Money that you earn from employment (including work study positions) is taxable income. Your employer may be withholding tax from your regular paychecks. If so, the amount of tax that your employer has withheld from you will appear on your regular pay statements and will be summarized at the end of the year in a tax form known as Form W-2, which your employer should provide to you. When you file your tax returns, you may be eligible to receive some or all the tax back in the form of a refund.

If your employer does not withhold tax, it does not mean that your earnings are not subject to tax. Money that you earn from your job is reportable on your tax return, regardless of whether your employer withholds tax. See Do I have to file tax returns? above.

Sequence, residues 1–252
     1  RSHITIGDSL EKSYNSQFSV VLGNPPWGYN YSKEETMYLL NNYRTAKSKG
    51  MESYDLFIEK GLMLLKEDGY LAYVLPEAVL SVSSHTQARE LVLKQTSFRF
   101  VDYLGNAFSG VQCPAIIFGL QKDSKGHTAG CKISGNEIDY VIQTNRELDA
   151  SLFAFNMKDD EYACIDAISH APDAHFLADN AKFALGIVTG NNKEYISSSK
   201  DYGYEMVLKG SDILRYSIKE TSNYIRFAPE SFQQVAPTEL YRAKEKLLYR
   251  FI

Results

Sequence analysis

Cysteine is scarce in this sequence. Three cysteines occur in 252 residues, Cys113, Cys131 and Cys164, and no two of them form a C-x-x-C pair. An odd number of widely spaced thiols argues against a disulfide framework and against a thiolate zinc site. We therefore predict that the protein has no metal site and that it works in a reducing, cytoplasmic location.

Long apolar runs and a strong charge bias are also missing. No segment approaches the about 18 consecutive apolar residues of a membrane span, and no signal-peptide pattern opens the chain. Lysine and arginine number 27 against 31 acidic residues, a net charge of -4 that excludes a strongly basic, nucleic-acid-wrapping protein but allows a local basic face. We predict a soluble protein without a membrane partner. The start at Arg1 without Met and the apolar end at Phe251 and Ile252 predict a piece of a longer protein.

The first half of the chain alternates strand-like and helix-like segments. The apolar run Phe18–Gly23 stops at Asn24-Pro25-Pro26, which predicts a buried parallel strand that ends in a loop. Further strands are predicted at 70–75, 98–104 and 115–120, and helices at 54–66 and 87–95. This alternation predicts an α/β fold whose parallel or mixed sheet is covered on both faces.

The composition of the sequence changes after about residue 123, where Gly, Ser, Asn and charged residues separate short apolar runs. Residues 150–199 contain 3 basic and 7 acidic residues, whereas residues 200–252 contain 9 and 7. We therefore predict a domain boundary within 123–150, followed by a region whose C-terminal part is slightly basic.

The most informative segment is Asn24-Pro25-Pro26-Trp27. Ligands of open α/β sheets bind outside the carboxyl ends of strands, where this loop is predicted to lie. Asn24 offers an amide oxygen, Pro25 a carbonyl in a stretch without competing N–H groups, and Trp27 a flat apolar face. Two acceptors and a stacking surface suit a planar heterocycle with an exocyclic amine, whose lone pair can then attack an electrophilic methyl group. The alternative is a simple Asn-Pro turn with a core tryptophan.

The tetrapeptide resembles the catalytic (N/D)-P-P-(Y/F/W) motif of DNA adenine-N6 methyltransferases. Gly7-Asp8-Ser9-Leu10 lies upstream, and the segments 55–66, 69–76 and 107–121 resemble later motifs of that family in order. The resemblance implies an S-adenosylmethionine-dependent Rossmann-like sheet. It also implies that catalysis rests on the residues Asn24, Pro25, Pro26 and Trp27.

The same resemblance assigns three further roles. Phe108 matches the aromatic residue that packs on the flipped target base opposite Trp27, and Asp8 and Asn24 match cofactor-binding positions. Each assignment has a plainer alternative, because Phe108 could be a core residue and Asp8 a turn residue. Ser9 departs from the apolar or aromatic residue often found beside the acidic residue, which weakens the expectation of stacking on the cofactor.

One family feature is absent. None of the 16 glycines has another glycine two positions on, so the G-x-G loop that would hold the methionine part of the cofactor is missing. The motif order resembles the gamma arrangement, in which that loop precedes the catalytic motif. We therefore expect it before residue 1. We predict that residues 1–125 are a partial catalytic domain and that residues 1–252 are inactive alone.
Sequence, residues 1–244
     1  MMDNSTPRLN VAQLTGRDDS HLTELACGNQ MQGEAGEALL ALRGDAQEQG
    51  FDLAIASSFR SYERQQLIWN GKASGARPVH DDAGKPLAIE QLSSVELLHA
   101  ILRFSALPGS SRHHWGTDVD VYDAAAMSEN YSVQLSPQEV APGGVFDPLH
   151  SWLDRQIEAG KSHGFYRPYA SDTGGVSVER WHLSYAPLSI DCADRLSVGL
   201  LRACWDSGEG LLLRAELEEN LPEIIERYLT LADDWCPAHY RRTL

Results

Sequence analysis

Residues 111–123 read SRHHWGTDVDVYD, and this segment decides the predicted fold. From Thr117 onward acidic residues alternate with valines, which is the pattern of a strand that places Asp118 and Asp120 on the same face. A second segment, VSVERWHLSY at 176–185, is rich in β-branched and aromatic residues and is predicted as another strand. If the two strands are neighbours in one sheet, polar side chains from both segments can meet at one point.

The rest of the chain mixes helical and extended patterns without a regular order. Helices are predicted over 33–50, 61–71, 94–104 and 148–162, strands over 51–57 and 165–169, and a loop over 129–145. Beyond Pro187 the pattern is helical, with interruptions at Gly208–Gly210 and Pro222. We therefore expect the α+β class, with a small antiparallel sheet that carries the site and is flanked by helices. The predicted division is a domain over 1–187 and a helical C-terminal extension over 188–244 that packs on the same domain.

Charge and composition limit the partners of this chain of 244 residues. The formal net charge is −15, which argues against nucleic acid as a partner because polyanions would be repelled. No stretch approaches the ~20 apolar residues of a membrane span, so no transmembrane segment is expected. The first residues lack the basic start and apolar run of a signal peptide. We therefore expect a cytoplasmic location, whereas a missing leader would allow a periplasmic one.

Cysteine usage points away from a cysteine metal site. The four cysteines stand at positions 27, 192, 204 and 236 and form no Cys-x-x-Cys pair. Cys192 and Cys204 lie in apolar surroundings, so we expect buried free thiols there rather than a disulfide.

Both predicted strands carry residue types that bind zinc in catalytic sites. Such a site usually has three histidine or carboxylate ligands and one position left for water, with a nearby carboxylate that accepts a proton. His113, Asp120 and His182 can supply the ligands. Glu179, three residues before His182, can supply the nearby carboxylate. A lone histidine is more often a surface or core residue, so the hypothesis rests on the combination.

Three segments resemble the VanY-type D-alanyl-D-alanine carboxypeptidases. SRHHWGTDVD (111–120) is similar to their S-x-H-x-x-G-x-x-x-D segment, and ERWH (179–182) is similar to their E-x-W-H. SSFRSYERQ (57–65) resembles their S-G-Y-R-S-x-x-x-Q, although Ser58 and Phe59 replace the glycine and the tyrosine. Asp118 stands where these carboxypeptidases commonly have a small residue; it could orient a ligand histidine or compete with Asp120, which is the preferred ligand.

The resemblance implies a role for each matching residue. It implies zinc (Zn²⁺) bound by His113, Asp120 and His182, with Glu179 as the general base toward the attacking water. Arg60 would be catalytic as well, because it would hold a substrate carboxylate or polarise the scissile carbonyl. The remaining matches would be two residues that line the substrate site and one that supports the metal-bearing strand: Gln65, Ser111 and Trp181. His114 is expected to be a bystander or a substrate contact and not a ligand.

Do I have to pay taxes on my scholarship, fellowship or grant?

It depends. Please refer to Publication 970: Tax Benefits for Education (2013) from the Internal Revenue Service. Generally, scholarships, fellowships and grants are not taxable to the extent that they pay for (i) required tuition and fees; and (ii) books, supplies and equipment required for your courses. If your scholarship, fellowship or grant exceeds the costs of required tuition, fees, books, supplies and equipment, then the excess is taxable income, which you are required to report to the IRS when you file a tax return.

In Publication 970 and proposed Treasury Regulations, the IRS indicates that charges for room, board, insurance and medical expenses (including student health fees) are not considered required expenses. Therefore, a grant or scholarship that covers any of these items may be taxable to you.